Babylon in 14:8 "refers not just to the city, but to the Antichrist’s worldwide political, economic, and religious empire" (p. 233).
The blood rising to the horses’ bridles for two hundred miles in 14:19-20 is "hyperbole" suggesting a great slaughter (p. 242).
The glass sea of 15:1-2 "was not an actual ocean" (p. 245).
The frogs in the plague of 16:12-16 "are not literal frogs" but "froglike" demons (p. 255).
The great harlot of 17:1-6 "is not an actual prostitute," but the term "is a metaphor for a false religion" (p. 262). The harlot’s dupes do not actually get drunk but they are intoxicated with false religion (p. 263).
The Babylon of 17:4-5 "is not ancient Babylon" (p. 265). In fact, "the details cannot be applied to any actual city" (p. 265).
The woman sitting on many waters in 17:1 is "metaphorical" and her sitting on a scarlet beast "again is symbolic." The seven mountains are "figurative" (p. 268).
The "one hour" of 17:12 is "a figure of speech" for "shortness of rule" (p. 269).
The white horses of 19:14 "are not literal horses" (p. 290).
Of the lake of fire in 20:14-15, MacArthur states that "Whether the fire of hell is literal, physical fire is unknown…." (p. 311). He also notes that the worm is "possibly emblematic of an accusing conscience" (p. 311).
Obviously, MacArthur makes many appeals to symbolism and metaphor within the book of Revelation. He is not to be criticized for this. Even John, the author of Revelation, makes plain that many of the images in his book are symbolic. For, example, the "bowls full of incense" are "the prayers of the saints" (Rev 5:8), and Jerusalem (where the Lord was crucified) is "mystically" called "Sodom and Egypt" (Rev 11:8). The problem is with MacArthur’s emphatic rejection in the preface of the allegorical and symbolic interpretations taken by non-dispensational interpretations. His exposition reveals that even the futurist interpretation is dependent on symbolic interpretation of Revelation’s notoriously intriguing imagery. MacArthur thus can hardly claim any hermeneutical high ground in presenting a completely and uniquely "straightforward" approach.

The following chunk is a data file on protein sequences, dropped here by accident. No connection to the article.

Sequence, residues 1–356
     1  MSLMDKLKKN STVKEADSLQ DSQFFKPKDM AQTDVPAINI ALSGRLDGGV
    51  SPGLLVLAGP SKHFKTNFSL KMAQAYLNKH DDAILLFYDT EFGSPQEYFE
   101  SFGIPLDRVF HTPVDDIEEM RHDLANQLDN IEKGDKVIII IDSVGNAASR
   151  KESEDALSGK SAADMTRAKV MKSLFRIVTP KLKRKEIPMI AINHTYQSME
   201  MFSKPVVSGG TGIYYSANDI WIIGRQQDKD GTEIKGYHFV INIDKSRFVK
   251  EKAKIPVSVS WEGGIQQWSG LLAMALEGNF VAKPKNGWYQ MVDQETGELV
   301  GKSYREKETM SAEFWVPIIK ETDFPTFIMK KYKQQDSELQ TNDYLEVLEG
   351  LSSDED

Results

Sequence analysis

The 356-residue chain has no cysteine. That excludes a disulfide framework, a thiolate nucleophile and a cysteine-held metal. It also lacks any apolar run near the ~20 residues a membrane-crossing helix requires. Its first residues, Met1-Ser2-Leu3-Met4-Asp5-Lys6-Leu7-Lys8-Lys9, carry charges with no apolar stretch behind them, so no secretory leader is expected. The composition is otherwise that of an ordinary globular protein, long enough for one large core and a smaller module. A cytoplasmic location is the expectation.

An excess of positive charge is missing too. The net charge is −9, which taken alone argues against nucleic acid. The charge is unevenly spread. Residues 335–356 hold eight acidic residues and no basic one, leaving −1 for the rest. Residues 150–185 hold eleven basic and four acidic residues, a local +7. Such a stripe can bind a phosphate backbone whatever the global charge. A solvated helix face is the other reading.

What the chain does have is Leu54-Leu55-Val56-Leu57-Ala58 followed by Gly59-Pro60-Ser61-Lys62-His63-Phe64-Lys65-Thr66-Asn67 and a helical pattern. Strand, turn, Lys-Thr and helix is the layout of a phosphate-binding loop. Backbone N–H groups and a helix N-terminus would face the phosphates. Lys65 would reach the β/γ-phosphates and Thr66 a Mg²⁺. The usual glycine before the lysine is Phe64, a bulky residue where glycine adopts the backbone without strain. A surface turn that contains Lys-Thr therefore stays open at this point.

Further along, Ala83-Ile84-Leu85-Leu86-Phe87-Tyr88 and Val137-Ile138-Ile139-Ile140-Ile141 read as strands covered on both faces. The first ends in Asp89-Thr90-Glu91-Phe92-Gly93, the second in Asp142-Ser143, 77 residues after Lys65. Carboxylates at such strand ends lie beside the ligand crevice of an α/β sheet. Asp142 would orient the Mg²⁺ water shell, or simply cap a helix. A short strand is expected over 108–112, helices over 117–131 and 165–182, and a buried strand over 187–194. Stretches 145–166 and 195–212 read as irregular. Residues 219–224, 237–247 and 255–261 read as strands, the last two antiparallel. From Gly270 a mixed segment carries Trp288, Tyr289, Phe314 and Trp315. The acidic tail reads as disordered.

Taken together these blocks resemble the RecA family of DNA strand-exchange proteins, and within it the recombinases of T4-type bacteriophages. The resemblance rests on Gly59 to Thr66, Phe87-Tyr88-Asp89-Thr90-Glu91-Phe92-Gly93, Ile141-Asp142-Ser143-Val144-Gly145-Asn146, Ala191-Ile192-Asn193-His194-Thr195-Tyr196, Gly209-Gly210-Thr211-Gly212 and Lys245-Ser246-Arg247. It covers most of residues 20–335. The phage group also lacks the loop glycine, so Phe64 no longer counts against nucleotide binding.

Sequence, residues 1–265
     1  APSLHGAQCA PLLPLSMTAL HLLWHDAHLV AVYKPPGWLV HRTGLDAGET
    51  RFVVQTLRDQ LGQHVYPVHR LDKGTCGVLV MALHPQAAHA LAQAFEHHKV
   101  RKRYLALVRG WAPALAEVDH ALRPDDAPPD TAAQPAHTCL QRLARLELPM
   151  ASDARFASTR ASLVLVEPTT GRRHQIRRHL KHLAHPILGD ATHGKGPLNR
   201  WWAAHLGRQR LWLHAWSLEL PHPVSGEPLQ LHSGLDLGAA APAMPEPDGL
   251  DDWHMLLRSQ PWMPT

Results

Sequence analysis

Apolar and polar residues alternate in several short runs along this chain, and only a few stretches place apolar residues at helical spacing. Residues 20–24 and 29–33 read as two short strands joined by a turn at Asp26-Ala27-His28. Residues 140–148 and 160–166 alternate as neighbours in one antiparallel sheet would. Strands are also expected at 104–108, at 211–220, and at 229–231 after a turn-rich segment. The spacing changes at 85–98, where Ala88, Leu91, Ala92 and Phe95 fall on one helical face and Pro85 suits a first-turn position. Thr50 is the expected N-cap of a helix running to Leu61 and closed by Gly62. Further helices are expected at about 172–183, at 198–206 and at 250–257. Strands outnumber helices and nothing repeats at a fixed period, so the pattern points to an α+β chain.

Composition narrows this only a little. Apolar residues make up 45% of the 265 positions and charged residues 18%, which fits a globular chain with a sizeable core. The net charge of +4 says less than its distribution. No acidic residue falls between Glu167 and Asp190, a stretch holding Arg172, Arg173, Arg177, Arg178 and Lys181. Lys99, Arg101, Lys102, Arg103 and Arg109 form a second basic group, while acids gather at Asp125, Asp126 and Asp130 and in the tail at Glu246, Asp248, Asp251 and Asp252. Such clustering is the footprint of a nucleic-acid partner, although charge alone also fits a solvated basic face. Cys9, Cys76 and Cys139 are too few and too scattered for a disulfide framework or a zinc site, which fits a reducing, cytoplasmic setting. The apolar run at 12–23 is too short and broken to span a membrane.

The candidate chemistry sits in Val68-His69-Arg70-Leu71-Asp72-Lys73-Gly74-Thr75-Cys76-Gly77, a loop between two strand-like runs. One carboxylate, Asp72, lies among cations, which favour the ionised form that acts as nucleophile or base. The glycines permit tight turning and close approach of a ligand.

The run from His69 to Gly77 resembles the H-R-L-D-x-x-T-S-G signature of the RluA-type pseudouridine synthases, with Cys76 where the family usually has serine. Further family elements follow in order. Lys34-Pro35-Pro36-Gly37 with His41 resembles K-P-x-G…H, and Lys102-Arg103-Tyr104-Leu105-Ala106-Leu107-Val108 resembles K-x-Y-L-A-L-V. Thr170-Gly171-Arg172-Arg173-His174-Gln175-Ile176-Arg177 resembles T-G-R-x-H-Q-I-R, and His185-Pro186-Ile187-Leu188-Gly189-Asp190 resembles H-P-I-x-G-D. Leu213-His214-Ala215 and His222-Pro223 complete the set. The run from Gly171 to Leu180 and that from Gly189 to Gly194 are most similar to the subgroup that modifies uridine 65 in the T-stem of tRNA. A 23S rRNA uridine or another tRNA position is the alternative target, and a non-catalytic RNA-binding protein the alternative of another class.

This, in turn, undermines some of the force of his interpretive decisions. One might look at the interpretation of numbers in Revelation as an example. On one hand, MacArthur insists on a literal interpretation of the thousand year reign of "the millennial kingdom" in Revelation 20. In many other places in the text, MacArthur has chosen to symbolically interpret various numerical references. For examples, see his contention that the twenty four elders represent a larger number, the raptured church (p. 112); the Lamb’s seven horns represent perfection (p. 121); the ten horns of the dragon represent the world’s political power and might (p. 215); the one hour of the ten kings power (represented by the ten horns) is a "figure of speech" and not a literal sixty minute period of time (p. 269). Perhaps most striking in relationship to interpretation of the millennium in Revelation 20 is MacArthur’s explanation of the phrase "myriads and myriads" in Revelation 5:11 as an "uncountable host" rather than literal insistence on "ten thousands and ten thousands" (p. 124). If some numbers are to be taken metaphorically, why must one necessarily insist that the thousand years in Revelation 20 are to be taken as a literal thousand years? There is an inconsistent application of literalism in MacArthur’s exposition and a failure to acknowledge honestly his own method’s dependence on symbolic interpretation.